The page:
Despite news that
employment figures are increasing,
UK retail spend has bounced back and broader trends such as house sales continue to maintain a steady rhythm, it may appear externally that the market is more stable than it has been for a number of years. Though this is true to an extent,
stress tests from this week, which a number of UK institutions failed or came close to failing, along with the government targeting banks in the recent
Autumn Statement, it’s safe to say that we’re not on even ground yet.
As we head into 2015, financial organisations need to get their ships in order and, in my opinion, this all centres around data and understanding risk. Here are my key themes for consideration as we go into next year:
- Data: How much, at what cost and what quality?
There is a broad industry trend that financial institutions of all sizes are looking to consume more and more data. While this is a general trend with ‘big data’, the use of “smart data” will be crucial in 2015. Essentially this takes into account that you
need the right data at the right time (context) and relevant data (semantics) that is secure, in order to succeed. Improving the productivity and performance of financial products will require discipline at the data level and we are moving more and more towards
granular data. Financial institutions must be prepared for this and have measures in place to store, access and understand their data, in real-time.
- Risk-based approach, still the way to go?
Banks will continue to adopt a risk-based approach but as the markets start to improve, new innovations push the boundaries and new services emerge, we are going to see more and more of a balanced approach. This is all with the goal to satisfy shareholder requirements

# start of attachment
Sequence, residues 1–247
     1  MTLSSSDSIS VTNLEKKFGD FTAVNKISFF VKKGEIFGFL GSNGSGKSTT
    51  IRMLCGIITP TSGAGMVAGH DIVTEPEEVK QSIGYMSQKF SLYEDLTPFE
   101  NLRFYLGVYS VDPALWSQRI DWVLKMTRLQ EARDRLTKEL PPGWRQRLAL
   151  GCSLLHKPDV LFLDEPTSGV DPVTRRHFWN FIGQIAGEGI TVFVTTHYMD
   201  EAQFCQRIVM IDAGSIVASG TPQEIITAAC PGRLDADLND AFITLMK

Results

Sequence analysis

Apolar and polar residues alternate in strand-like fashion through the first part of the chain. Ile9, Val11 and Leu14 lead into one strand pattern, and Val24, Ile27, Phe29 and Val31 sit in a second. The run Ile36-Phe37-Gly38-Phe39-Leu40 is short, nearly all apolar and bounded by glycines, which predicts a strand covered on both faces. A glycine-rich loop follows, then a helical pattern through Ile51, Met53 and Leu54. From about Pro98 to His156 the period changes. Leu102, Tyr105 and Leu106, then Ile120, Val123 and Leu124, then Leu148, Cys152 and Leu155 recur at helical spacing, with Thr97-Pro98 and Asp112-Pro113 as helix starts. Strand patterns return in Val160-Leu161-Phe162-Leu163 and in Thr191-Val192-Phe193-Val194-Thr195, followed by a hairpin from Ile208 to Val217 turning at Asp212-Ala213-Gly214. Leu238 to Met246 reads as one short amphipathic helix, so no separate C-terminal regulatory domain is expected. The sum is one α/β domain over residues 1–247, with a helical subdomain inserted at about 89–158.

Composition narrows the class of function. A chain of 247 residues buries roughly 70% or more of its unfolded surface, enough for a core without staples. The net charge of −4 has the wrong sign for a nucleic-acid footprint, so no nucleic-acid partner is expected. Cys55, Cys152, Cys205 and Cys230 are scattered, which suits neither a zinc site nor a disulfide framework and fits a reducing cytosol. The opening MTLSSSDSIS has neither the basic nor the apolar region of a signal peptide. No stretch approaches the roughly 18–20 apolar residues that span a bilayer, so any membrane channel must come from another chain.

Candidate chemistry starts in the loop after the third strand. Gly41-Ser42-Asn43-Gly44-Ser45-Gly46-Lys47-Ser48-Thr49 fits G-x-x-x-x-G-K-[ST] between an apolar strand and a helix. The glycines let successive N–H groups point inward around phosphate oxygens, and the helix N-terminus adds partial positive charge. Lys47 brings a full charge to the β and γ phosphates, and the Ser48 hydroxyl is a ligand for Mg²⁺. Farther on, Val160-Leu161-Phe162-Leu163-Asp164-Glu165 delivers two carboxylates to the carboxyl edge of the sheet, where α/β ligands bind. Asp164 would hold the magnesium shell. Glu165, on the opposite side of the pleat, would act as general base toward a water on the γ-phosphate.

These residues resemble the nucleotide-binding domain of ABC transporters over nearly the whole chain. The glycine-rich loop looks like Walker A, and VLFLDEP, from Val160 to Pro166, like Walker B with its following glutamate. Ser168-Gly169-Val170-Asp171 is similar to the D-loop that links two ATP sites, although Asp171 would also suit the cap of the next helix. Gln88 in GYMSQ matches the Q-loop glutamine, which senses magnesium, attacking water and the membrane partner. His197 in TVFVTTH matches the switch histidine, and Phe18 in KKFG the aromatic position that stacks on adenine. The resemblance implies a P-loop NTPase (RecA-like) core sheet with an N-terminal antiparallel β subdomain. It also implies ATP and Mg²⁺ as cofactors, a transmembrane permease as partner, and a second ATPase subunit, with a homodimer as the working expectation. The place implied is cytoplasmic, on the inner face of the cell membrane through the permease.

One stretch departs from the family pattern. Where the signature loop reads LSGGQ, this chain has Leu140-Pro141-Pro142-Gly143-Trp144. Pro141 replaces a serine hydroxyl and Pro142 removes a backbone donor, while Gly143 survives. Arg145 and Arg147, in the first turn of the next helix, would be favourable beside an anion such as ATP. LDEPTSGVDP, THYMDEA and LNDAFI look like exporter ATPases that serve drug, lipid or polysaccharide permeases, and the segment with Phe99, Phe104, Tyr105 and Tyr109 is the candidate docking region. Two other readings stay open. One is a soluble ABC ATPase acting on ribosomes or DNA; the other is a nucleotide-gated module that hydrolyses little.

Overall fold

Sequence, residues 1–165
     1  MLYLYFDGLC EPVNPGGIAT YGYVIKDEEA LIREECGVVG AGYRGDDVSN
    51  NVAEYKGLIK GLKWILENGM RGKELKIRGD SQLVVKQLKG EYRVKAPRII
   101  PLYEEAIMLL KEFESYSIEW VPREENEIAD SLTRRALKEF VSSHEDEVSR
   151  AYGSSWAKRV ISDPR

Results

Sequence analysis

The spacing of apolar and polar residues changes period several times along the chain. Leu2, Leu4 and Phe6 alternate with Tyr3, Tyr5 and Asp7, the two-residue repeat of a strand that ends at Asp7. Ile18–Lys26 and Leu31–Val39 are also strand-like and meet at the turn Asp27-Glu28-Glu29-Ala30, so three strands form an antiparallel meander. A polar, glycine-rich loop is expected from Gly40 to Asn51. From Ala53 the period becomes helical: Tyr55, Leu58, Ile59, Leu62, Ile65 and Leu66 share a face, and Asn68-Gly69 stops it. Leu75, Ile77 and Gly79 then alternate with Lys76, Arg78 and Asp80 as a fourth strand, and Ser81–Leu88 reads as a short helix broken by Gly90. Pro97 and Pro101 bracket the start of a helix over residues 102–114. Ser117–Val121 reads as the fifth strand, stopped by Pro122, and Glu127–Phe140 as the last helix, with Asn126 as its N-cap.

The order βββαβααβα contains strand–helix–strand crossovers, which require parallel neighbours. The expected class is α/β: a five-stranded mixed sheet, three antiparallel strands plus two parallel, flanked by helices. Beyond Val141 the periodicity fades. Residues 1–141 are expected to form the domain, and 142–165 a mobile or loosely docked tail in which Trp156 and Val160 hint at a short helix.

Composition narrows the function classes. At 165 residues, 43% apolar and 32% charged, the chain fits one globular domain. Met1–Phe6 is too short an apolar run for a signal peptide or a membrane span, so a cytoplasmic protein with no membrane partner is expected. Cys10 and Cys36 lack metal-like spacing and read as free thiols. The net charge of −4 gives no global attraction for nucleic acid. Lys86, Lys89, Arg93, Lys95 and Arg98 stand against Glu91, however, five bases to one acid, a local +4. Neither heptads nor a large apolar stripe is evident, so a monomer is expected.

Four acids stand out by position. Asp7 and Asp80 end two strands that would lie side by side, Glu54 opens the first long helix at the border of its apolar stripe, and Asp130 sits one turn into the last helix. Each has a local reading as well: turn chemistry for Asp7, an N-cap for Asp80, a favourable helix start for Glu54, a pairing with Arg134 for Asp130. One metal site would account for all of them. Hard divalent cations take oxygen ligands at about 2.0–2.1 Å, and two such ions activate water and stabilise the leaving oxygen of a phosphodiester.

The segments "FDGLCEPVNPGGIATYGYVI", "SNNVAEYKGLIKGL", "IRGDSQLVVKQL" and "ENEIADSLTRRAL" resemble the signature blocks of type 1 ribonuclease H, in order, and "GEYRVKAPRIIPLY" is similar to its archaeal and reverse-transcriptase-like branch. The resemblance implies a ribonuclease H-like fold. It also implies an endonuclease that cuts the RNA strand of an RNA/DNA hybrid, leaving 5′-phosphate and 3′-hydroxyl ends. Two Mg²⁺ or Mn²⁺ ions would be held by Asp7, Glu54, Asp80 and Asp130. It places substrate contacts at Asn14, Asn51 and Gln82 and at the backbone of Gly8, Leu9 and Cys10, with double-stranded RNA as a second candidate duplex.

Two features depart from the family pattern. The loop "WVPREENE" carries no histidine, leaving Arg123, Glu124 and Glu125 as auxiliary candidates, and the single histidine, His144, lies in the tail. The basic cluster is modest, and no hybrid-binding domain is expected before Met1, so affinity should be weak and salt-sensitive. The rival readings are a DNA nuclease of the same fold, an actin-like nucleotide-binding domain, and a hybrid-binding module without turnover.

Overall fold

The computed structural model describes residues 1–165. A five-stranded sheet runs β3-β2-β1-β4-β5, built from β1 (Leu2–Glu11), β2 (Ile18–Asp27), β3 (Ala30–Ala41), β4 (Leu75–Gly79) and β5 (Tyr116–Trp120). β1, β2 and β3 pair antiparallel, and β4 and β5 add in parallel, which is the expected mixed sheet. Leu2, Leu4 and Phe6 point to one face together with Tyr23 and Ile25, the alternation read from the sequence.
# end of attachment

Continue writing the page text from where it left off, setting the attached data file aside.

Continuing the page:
while being compliant. In a way, this model will help build a new view of compliance costs as an investment for the future of business. This is also emphasised by the need to develop and transform business processes. Loss of productivity can be measured through
big data analytics and the ability to have near real-time relevant data and metadata will support this.
- Risk will be managed at all levels and integrated with key data and metadata
Risk is no longer about reporting. Risk management intelligence will be supported with better integration globally, particularly within large firms. The market as a whole is trying to better understand risk and prepare for potential pitfalls in the future,
as demonstrated by recent stress tests. What’s concerning is that UK institutions are still falling short of industry expectations and measures, something which must be tackled, quickly. There is a role for technology here, in ensuring that processes and access
are allocated effectively.
2015 has the potential to be a crossroads for the UK economy. With likely changes in interest rates, along with possible changes in government, financial institutions need to be prepared for whatever the future may hold. Now is the time to put in place measures
to ensure risk and data are prioritised.